I wouldn't call myself an expert, but I do spend a lot of time fishing for lake browns. In general I agree with a previous poster; browns are very bass-like in their feeding behavior. But I'll try to throw out some general hopefully helpful tips.
It's hard to be specific with advice without knowing what prey items are in the lake, among other factors. However, if you can find out if there are crawfish in the lake, that's almost all you need to know.
If 'dads are present, then browns will eat them. And spring is a good time to fish any pattern that resembles a crawfish. I believe browns focus on 'dads in early spring because that's nearly all there is to eat at this time of year. there aren't any bugs yet, and baitfish are probably pretty hard to catch for sluggish browns. Crawfish on the other hand are easy prey and pack a lot of calories for a hungry fish. In my own experience, I've witnessed big browns in a 7-10 foot deep cove cruising the bottom sucking up baby 'dads about one and a half inches long.
The color for early spring is a brown with green fleck, such as a brown crystal wooly bugger. 'Dads in early spring come out of hibernation close to this color pattern, and darken as the year progresses.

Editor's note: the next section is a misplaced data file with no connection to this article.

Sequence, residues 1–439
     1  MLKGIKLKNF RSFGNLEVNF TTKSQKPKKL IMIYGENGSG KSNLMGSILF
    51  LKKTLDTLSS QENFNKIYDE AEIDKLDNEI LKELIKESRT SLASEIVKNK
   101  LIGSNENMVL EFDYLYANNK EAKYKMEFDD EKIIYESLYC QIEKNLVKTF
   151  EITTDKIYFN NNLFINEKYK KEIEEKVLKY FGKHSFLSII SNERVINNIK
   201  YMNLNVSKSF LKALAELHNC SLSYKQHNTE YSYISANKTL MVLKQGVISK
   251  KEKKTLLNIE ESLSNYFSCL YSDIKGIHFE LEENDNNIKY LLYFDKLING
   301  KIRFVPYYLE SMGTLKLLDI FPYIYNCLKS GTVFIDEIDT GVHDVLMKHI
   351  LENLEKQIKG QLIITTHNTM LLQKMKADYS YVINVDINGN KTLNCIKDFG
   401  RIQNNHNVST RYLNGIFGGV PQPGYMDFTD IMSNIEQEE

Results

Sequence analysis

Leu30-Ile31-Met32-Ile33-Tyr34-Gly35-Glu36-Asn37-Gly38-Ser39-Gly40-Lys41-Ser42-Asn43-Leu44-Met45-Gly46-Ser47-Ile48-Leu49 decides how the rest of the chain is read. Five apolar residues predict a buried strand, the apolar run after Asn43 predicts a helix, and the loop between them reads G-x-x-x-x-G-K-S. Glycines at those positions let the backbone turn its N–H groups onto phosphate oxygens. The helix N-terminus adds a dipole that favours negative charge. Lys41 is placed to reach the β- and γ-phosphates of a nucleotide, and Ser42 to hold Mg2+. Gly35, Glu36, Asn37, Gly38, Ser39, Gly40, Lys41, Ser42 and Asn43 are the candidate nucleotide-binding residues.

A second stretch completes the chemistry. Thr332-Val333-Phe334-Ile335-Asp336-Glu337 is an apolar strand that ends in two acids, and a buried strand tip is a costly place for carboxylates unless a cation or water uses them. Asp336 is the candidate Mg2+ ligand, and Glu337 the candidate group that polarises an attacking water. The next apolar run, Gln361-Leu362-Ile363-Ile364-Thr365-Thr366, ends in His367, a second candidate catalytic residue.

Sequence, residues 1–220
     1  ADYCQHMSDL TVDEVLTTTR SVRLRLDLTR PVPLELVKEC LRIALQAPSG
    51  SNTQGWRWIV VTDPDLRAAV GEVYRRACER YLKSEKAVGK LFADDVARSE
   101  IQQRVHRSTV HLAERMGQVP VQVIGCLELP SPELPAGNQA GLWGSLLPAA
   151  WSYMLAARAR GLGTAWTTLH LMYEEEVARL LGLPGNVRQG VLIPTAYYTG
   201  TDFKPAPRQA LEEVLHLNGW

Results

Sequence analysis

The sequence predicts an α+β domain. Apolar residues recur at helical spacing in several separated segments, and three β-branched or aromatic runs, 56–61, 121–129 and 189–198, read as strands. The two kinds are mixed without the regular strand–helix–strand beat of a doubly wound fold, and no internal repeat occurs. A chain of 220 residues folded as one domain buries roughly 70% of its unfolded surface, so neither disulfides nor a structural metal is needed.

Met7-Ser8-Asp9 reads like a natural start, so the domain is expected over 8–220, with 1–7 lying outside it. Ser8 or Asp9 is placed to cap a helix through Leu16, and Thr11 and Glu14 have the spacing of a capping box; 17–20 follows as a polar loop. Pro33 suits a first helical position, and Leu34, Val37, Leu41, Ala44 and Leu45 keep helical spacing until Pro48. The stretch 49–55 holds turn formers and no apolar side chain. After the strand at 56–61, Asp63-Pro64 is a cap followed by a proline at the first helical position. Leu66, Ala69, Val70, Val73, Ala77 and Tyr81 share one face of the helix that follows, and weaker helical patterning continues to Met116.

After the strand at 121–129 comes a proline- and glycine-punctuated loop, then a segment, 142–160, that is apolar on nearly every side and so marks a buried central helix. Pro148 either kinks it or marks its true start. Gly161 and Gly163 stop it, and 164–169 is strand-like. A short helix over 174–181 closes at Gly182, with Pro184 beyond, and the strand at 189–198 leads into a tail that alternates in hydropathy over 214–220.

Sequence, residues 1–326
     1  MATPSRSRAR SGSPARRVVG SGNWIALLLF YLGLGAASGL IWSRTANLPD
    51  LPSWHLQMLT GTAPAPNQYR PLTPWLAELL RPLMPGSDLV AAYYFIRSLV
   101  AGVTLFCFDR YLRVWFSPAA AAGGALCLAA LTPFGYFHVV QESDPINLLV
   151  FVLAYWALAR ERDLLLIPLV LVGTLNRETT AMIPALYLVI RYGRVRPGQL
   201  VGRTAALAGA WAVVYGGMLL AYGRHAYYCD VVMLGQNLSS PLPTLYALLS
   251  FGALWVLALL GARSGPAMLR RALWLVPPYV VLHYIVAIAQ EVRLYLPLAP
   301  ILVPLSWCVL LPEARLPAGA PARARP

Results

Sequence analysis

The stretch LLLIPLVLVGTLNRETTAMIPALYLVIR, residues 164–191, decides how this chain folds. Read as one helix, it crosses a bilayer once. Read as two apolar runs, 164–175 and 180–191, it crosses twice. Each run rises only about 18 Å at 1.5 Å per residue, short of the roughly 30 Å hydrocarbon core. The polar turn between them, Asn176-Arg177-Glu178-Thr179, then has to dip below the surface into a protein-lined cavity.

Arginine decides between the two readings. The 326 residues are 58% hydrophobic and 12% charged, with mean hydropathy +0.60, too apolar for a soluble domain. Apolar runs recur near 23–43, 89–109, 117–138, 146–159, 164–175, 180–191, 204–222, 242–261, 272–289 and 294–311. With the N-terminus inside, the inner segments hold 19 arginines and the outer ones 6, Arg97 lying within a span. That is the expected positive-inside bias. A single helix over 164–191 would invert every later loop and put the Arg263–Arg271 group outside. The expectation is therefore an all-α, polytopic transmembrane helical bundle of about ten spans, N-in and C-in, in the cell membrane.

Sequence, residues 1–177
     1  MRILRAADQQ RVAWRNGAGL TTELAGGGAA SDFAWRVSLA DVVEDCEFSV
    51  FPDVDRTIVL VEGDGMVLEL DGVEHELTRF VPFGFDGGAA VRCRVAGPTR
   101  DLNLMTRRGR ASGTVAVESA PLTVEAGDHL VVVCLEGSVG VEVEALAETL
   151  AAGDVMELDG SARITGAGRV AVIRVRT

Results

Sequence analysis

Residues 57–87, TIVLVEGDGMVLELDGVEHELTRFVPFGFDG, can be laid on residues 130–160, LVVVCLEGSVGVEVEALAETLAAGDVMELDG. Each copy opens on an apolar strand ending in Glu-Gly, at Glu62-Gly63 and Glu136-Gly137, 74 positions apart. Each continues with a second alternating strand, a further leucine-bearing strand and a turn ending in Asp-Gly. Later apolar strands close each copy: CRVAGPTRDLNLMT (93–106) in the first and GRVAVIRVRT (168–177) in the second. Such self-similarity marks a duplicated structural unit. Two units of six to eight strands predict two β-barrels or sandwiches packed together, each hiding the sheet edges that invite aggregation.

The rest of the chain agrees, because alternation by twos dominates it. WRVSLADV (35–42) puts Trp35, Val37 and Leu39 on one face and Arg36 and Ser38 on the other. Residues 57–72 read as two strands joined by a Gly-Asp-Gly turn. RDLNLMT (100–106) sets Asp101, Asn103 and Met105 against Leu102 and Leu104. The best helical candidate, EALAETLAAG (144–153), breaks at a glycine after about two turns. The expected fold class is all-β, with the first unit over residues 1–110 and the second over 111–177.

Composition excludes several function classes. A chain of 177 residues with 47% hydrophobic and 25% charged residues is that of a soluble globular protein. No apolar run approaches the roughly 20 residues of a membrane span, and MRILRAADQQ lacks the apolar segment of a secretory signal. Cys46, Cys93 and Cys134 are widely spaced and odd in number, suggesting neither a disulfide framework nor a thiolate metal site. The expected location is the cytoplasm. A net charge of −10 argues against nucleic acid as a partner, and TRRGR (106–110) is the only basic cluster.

Browns also like their prey to move. Of course this is not always true, but it's true so often that I always start by inducing some movement in my flies when fishing for browns. So don't be afraid to strip your flies once they get down to your target depth.
Without knowing anything about your lake, I'd suggest trying to fish between 12-25 feet at this time of year, assuming that there are crawfish present. This means finding structure in your lake at these depths. Crawfish love gravel or rocky bottoms, especially at the base of steep cliffs or anything that drops quickly into the lake. If your lake has a dam, fishing along it should be productive.
If crawfish are not present, you need to find out what prey items are in your lake, besides baitfish. There has to be some prolific food item the fish can eat without expending large amounts of energy, such as snails, freshwater shrimp, etc.
Once you get a few fish to hit, you can start patterning the lake and figure out how to get into the pig fish.
Here's one of the 27 browns I caught last spring using a modified brown crystal bugger: